"You're having a very medical day," Jane told me on Monday. It was true: Lesley, my physio, was round in the morning for her regular check-up. I reckon she and Jane are part of the reason that my condition has not deteriorated more, them and the fact that it's that rare beast PLS - and a lot of people praying. She tells me my main problem is tightness in my adductor muscles and shortness in my hamstrings. She came up with a canny antidote to the former, which is sitting with a tightly rolled up sleeping bag between my knees - which forces them to stay apart. There's no hope of me becoming bow-legged like my revered Clifton art teacher, "Fluffy" (because of his hair) Leadbetter. He was the scourge of any cyclists who dared ride past the teaching block which housed the art school on its second floor. You were meant to get off at the gate but it was a long way to the bike sheds.... So it was tempting to risk it and stay on your bike, or at least scoot, round the corner! However, if Fluffy was in his lair, woe betide you! You'd hear a Scottish roar from on high, rooting you to the spot, followed by a thundering descent down the metal fire escape at the end of the building. I don't recall what the sanction was, but the ensuing encounter was terrifying enough.
As I say, I won't ever have knees you could fly a spitfire through, but the adductors might stop tightening. The consultant has warned/encouraged me that Jane and I probably have a long haul ahead of us; so everything that keeps me flexible is welcome. So are gizmos that make life easier - which is why my second visitor came. It was Martin from the Oxford Centre of Enablement. He came to talk about environmental control systems, i.e. technology to assist with daily living - like controlling the TV, turning lights on and off, closing curtains, summoning the lift, answering the phone and opening the door. The major need of those for me at the moment is answering and opening the door, because on the whole Jane and I have worked out a satisfactory modus operandi, which means I get on fine when she's out for some hours. However, the MND Centre tries to keep ahead of patients' deterioration, which is usually very fast. It's therefore normally hard to keep up. The system we talked about could be controlled from an iPad or iPod Touch - which was nifty - but I think had a few snags, like needing someone from the company to come and reprogramme things when you wanted to change something. So we're thinking on it. But it's another great service from the NHS.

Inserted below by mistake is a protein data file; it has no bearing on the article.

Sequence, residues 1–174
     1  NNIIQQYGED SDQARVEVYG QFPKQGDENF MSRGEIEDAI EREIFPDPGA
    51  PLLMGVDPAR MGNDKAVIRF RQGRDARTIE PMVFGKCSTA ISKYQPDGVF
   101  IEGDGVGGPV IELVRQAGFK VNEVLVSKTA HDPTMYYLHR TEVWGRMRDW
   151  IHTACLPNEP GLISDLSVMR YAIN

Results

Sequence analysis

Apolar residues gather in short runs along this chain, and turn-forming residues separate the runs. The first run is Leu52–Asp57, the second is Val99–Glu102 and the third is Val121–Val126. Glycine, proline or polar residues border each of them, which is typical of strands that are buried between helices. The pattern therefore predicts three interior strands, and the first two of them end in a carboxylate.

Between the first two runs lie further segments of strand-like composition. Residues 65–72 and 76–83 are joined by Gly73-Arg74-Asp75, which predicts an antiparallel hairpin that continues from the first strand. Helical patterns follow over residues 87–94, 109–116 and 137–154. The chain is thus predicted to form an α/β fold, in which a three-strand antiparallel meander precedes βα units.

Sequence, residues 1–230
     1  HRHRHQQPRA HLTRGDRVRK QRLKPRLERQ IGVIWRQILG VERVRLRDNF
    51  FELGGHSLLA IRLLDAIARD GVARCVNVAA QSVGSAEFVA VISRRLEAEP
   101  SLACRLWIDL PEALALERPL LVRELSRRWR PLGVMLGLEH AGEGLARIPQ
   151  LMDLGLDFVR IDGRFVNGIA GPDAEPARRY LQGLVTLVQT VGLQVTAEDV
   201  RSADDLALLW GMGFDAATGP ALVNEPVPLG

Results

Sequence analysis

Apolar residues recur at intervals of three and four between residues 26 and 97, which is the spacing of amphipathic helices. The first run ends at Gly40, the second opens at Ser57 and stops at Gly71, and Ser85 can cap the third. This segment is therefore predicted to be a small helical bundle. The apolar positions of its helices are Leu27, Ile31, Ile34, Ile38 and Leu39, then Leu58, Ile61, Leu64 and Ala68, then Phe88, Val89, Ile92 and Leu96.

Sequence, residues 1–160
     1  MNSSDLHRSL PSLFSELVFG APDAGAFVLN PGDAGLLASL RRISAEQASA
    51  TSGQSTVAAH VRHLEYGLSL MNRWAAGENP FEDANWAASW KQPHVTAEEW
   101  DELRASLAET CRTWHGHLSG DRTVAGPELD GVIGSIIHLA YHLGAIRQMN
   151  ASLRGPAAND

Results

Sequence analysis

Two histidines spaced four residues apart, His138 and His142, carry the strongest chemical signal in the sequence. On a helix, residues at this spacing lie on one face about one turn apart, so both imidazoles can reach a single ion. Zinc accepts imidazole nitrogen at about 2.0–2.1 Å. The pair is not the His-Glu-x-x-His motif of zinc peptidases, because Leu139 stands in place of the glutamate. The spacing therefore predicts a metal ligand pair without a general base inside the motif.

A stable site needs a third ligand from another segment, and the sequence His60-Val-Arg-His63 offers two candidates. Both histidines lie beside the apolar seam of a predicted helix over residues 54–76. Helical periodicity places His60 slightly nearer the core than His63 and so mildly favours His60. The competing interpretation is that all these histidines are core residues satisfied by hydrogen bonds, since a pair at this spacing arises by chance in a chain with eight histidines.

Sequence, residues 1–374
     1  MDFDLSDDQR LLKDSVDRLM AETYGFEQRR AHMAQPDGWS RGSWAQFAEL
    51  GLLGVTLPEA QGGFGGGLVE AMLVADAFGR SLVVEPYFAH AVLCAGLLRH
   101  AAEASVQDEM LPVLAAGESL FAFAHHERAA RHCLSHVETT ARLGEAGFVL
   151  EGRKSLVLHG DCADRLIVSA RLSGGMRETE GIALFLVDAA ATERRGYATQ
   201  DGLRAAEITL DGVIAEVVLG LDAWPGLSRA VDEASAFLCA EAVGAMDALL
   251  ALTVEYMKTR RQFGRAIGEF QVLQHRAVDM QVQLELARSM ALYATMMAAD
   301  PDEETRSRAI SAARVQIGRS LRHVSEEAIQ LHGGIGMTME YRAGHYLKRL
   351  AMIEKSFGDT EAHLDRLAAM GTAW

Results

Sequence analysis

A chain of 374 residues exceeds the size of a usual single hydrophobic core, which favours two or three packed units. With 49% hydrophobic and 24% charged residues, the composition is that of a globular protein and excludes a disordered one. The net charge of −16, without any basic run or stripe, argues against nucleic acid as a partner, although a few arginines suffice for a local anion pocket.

Sadly I'm going to have to avail myself of the Health Service yet again, because, in the middle of lunch, eating a slice of home-baked bread and cheese, another tooth decided it had had enough and lost its head, i.e. the top fell off. So in a couple of weeks it's back to my nice dentist. One of my family, who's not with the NHS, is in the middle of root-canal treatment, at the cost of £450.
And of course that was like the big story of the day, the publication of the report of the Dilnot Commission. I've not read it through as I'd like to, but I gather it's factually and economically highly literate and its conclusions seem to me, at least, fair and affordable, protecting 2/3 of oldies' capital against care costs and adding no more than 1/400th GDP to public spending. As Andrew said, 'If we're not willing to spend that on caring for our elderly and younger vulnerable people, what does that say about our society?' - only more eloquently than that. Two things struck me about the news coverage of the report: one was the extraordinary authority that Andrew showed in interviews and debates. He knew it was a good report, based on sound principles. He knew he had a good "product". The other was the almost universal welcome the report received, especially from charities representing interested parties, but also from politicians (though naturally government ministers wanted a bit of wriggle room, promising us a white paper "in the spring"). The one dissenting voice I heard was from a Dr Patrick Nolan (if I remember right), an economist from the right-wing think-tank, Reform, on Channel 4, who waffled about affordability in financially straitened times, ignoring the facts that we'd spend less on it than on the Libyan expedition and that its implementation would not happen before our hoped-for economic recovery. In my view, the Commission was a job well done.